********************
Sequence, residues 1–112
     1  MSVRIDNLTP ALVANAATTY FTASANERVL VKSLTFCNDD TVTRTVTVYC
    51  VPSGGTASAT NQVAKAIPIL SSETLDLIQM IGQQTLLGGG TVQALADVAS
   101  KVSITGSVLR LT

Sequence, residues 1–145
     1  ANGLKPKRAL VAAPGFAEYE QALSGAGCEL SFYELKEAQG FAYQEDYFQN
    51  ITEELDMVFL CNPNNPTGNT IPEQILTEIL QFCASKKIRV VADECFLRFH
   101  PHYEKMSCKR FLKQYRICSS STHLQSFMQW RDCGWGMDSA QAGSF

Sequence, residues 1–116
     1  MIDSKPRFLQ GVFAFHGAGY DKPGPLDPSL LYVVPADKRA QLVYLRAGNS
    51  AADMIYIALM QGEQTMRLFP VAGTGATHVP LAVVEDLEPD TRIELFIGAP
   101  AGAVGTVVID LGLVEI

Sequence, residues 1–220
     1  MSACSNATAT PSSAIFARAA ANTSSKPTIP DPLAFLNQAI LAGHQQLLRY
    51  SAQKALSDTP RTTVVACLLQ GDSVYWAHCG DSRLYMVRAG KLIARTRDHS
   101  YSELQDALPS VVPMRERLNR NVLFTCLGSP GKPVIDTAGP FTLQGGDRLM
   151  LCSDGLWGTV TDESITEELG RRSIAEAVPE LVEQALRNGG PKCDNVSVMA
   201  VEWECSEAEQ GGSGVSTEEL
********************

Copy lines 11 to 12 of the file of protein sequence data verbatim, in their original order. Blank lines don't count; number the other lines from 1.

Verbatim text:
    51  AADMIYIALM QGEQTMRLFP VAGTGATHVP LAVVEDLEPD TRIELFIGAP
   101  AGAVGTVVID LGLVEI